When I set about designing the charter - along with representatives of the city's town and parish councils under the able leadership of Peter Hill - the aim was not to create confrontation but to allow partnership and co-operation. It's not perfect but it's real progress and widely regarded For the first time there is an agreed set of protocols guaranteeing parish and town councils speaking rights (where they have made representations) at planning meetings and area committees. Implicit in this is the right of parish and town councils to make representations to other city council committees. Personally (although most of my colleagues disagree) I would have granted parish and town councils voting positions on Keighley and Shipley area committees.

Until I set up the parish and town council liaison group, there was little or no formal link between the city's parish and town councils and the city council - confrontation and mistrust ruled the day. It is in nobody's interest for that confrontation and mistrust to continue. It is very sad that Keighley Town Council - for whatever reason - seems to want to continue in that vein. And even sadder that the reaction to my mild jibes is, in the case one former town mayor, a diatribe directed at me. I can take it but it reflects very badly on Keighley.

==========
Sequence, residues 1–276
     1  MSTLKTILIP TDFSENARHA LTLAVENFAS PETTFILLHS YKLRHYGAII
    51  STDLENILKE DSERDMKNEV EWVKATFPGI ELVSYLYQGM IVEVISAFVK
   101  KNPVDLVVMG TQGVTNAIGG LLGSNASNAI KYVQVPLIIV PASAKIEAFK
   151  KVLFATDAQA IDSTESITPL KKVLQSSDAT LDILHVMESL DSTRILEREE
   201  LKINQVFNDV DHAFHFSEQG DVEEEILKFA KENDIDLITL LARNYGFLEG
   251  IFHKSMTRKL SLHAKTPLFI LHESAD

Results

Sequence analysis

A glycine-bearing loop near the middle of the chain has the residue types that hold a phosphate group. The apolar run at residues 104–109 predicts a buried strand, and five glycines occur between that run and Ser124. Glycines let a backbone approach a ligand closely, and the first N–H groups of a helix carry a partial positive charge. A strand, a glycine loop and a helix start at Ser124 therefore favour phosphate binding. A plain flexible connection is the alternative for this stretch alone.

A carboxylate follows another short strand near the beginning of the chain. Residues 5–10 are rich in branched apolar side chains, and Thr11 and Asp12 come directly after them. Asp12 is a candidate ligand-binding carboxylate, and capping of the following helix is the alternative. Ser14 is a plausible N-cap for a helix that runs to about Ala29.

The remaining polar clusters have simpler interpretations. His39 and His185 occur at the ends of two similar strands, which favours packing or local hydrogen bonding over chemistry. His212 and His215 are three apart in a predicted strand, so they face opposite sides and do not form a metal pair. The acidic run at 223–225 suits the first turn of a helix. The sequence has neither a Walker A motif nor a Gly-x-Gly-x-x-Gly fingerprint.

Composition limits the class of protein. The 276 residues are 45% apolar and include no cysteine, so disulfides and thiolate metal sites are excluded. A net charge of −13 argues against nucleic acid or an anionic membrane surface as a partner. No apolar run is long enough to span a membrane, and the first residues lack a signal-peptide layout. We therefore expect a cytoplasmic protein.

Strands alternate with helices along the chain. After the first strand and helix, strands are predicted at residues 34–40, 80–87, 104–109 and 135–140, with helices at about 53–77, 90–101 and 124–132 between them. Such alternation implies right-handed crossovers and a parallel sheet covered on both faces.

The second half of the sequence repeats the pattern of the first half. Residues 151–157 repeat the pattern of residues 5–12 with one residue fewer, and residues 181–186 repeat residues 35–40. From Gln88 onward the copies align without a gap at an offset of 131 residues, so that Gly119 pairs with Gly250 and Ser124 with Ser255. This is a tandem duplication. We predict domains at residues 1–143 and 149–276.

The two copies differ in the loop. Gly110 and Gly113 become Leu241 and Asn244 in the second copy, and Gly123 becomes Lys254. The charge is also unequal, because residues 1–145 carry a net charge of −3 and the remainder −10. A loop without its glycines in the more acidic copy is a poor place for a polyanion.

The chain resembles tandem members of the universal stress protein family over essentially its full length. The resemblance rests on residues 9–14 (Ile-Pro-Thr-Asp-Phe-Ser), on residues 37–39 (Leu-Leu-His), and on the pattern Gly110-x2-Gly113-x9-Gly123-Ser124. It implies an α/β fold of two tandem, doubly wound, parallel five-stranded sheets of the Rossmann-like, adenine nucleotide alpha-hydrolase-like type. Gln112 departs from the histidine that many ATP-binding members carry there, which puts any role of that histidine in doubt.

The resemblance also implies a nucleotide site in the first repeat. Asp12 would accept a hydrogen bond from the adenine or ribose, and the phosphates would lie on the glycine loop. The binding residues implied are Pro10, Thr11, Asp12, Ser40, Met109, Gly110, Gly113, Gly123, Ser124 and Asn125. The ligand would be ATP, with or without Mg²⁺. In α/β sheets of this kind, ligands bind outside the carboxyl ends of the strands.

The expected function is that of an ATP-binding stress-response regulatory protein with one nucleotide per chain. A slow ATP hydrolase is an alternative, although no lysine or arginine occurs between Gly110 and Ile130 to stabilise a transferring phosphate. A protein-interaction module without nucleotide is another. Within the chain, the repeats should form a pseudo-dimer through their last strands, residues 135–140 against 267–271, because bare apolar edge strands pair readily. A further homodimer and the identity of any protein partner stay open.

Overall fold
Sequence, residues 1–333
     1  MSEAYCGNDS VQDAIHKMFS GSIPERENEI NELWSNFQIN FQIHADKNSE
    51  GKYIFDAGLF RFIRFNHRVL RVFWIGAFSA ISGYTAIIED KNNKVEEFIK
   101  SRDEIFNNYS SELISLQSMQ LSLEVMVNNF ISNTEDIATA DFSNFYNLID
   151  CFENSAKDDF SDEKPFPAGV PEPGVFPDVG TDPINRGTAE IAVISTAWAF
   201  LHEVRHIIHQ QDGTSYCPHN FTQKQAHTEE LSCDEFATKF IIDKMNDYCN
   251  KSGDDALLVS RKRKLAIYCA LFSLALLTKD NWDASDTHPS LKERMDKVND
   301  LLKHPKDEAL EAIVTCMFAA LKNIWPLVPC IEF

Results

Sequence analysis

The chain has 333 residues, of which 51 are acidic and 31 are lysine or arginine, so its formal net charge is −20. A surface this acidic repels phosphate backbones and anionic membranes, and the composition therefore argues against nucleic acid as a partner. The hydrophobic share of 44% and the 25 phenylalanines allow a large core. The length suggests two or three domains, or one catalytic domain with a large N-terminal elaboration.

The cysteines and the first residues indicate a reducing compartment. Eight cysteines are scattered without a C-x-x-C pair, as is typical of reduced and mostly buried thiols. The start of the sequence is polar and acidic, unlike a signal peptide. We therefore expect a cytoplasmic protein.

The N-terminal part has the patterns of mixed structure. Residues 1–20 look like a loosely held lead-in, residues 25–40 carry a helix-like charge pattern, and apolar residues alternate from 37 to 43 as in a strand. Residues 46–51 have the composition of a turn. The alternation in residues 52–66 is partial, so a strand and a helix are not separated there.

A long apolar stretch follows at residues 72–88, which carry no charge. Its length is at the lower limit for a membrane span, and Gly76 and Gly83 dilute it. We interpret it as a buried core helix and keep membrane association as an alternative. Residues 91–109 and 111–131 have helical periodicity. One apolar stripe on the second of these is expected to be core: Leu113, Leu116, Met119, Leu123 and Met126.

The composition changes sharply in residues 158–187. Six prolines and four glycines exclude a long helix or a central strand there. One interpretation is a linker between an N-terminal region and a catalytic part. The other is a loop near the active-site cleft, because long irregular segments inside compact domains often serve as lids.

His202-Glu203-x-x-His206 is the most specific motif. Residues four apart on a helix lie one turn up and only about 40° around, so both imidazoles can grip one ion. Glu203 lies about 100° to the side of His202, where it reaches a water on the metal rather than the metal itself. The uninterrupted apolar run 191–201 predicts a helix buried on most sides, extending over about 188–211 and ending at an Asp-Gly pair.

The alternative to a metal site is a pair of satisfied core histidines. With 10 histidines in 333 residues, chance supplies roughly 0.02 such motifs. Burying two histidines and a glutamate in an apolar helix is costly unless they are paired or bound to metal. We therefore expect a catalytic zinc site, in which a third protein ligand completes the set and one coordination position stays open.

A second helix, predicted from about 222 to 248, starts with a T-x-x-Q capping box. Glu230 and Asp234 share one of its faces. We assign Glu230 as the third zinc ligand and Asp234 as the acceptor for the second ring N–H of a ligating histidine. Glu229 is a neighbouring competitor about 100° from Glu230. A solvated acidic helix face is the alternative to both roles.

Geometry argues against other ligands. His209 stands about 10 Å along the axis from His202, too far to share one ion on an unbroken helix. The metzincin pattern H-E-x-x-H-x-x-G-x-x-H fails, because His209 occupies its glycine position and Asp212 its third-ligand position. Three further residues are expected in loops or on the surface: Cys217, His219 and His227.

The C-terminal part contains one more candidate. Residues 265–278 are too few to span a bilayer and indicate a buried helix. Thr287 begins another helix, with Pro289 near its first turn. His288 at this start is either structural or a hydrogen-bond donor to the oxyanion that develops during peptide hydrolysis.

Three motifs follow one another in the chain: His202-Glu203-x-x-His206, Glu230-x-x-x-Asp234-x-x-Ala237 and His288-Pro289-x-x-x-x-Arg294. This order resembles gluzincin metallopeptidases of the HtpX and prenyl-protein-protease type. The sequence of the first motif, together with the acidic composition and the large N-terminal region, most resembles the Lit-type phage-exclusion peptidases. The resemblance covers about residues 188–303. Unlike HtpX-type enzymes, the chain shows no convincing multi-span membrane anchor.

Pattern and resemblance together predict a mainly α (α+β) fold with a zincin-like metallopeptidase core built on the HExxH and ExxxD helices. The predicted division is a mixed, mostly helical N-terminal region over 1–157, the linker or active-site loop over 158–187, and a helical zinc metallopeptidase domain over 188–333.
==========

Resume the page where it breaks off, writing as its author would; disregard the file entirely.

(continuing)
Cllr Simon Cooke Hallowes Park Road, Cullingworth

Irony on disabled parking It was heartening and encouraging to read recently that Bradford Council intends to make available funds to help the disabled in Keighley and is actually proposing to ask their views on how those should be spent.